Much fuss has been made of the preaching by the Archbishop of Canterbury, Rowan Williams, at a Roman Catholic Mass at Lourdes celebrating 150 years since the 1858 vision of the Blessed Virgin Mary to 14-year-old Bernadette Soubirous. The Protestant Truth Society accused Archbishop Rowan as “behaving as little more than a Papal puppet”. What has, it seems to me, been lost in this dust-storm, is that in inviting the Archbishop to preach Roman Catholics appear to be accepting that the Archbishop of Canterbury is validly ordained.
On the feast of Our Lady of Walsingham, the Archbishop, referring to Mary as “the Lord’s spotless Mother” and “Mother of God”, takes the apparitions as a given: “When Mary came to Bernadette, she came at first as an anonymous figure, a beautiful lady, a mysterious ‘thing’, not yet identified as the Lord’s spotless mother,” he said. “Only bit by bit does Bernadette find the words to let the world know; only bit by bit, we might say, does she discover how to listen to the Lady and echo what she has to tell us.”
Rev. Jeremy Brooks, Director of Ministry, of the Protestant Truth Society said: ‘All true Protestants will be appalled at the news that the Archbishop of Canterbury has visited Lourdes, and preached there as a part of the 150th anniversary celebrations at the Roman Catholic shrine. Lourdes represents everything about Roman Catholicism that the Protestant Reformation rejected, including apparitions, mariolatry and the veneration of saints. The Archbishop’s simple presence there is a wholesale compromise, and his sermon which included a reference to Mary as “The Mother of God” is a complete denial of Protestant orthodoxy. At a time when our country is crying out for clear Biblical leadership, it is nothing short of tragic that our supposedly Protestant Archbishop is behaving as little more than a Papal puppet.’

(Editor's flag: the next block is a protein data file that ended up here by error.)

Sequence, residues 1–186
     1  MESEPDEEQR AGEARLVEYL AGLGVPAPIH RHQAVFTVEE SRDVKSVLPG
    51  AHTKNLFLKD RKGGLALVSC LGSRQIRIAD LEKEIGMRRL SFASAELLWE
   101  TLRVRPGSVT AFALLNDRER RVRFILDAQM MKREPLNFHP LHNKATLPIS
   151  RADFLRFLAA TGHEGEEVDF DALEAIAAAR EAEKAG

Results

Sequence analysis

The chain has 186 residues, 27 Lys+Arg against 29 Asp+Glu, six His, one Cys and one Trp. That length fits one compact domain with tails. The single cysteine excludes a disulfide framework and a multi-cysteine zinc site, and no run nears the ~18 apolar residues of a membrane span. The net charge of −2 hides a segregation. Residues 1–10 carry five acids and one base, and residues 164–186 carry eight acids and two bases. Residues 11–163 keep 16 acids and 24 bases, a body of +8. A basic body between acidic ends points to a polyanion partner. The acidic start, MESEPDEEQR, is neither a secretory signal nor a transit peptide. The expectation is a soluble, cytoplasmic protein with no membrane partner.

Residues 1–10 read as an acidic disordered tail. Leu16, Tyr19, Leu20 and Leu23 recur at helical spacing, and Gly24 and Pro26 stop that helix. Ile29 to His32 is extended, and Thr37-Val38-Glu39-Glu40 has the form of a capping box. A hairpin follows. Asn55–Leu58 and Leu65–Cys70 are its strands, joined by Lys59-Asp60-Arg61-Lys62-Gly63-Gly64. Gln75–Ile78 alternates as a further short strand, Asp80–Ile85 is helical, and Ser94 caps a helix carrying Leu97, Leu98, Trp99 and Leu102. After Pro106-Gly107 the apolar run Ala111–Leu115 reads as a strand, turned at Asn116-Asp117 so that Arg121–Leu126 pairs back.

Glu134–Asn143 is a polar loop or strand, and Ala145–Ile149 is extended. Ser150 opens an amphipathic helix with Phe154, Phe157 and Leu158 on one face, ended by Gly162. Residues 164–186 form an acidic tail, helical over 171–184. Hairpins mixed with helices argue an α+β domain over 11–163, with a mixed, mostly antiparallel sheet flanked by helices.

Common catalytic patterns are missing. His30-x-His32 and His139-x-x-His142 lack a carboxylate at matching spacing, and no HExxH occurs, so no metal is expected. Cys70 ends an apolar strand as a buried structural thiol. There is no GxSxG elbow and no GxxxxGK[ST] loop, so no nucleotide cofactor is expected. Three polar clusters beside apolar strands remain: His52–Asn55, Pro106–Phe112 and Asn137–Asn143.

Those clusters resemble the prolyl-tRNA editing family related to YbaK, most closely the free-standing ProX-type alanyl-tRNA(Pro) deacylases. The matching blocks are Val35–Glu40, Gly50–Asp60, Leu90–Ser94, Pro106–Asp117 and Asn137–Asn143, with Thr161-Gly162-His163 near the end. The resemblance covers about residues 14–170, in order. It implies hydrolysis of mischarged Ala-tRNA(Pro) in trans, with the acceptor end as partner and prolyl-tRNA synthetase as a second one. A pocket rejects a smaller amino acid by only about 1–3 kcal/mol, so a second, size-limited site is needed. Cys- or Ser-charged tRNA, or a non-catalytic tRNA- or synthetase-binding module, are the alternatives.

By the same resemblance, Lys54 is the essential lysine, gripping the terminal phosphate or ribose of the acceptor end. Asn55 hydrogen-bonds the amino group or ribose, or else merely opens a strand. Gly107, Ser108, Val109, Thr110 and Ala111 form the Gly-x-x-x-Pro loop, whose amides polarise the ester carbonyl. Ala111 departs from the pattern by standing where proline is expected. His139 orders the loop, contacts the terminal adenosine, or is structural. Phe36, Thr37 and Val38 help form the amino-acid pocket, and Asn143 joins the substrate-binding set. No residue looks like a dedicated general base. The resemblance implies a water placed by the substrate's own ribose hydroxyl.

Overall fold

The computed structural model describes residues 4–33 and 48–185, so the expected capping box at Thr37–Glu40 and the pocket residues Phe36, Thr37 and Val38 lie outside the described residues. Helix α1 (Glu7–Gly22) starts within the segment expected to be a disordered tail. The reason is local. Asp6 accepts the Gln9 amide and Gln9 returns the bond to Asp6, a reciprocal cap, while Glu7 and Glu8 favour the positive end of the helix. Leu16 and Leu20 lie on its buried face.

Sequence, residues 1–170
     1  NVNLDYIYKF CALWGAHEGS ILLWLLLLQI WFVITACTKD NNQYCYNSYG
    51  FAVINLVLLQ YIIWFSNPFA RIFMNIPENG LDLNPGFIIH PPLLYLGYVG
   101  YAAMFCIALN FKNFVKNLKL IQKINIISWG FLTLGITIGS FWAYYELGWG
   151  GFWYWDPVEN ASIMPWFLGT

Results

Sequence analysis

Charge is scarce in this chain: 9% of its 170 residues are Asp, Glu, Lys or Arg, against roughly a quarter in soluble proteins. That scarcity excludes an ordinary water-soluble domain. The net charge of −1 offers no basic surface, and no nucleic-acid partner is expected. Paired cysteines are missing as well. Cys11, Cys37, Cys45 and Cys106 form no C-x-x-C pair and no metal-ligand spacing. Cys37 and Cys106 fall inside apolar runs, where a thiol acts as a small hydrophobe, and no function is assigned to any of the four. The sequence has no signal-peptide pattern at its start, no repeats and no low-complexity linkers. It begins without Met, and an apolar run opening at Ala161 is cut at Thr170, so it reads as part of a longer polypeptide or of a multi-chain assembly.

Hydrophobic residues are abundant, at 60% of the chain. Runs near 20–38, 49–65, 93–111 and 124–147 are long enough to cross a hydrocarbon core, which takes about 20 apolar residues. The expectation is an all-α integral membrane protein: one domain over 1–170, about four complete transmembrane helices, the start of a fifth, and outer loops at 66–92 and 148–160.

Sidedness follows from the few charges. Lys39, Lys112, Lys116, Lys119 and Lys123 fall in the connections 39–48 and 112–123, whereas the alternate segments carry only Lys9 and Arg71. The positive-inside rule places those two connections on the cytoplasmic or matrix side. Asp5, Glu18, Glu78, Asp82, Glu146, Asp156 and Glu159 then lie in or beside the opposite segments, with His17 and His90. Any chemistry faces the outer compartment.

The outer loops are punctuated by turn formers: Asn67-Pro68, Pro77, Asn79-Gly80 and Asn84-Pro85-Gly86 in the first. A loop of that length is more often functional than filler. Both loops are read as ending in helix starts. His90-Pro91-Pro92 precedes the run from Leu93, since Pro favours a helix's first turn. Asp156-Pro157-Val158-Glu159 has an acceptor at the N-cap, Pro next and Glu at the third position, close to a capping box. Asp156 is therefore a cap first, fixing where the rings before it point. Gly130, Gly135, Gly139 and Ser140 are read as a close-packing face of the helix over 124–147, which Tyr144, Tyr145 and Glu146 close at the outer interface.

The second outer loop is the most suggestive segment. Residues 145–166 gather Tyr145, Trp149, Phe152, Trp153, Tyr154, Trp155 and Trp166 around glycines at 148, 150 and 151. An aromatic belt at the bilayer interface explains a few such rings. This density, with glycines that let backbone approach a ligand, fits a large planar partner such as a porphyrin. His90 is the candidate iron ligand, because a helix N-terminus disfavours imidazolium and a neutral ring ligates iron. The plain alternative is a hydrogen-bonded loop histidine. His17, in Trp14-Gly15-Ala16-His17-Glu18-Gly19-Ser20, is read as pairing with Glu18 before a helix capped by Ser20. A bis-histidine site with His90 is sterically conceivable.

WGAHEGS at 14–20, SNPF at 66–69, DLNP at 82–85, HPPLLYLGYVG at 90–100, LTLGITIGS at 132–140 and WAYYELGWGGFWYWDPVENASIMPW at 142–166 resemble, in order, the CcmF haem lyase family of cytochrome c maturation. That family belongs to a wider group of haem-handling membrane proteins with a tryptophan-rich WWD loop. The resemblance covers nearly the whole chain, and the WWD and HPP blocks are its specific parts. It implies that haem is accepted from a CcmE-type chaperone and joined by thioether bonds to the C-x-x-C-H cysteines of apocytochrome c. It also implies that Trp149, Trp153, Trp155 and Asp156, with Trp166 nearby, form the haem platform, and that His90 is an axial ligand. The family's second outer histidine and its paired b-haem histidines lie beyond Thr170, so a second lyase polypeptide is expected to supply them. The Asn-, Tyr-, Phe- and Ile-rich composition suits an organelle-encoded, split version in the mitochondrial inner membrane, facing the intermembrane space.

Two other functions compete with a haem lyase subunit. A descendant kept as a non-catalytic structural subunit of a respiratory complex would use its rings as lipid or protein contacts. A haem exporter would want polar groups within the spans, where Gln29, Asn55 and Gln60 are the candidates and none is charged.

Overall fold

Roman Catholics accept Archbishop of Canterbury’s orders
Roman Catholic bishops may authorise lay persons to preach in Catholic churches (canon 766), but according to canon 767 only a priest or deacon may preach at Mass. Every Catholic seminarian would know this from seminary’s Liturgy 101. So in inviting the Archbishop of Canterbury to preach at such an internationally significant Roman Catholic Mass are they acknowledging that Archbishop Rowan Williams is validly ordained?
The 1896 papal bull, Apostolicae Curae, pronounced Anglican orders “absolutely null and utterly void”. Since then, however, Roman Catholics have themselves reformed their ordination rites making them highly similar to Anglican ones. And since 1931 Anglicans and Old Catholics have been in full communion. Old Catholic orders are accepted as valid by the Vatican, and Old Catholics have, since 1931, been fully involved in Anglican ordinations, restoring continuity in the minds of those who considered there had been some sort of “break”.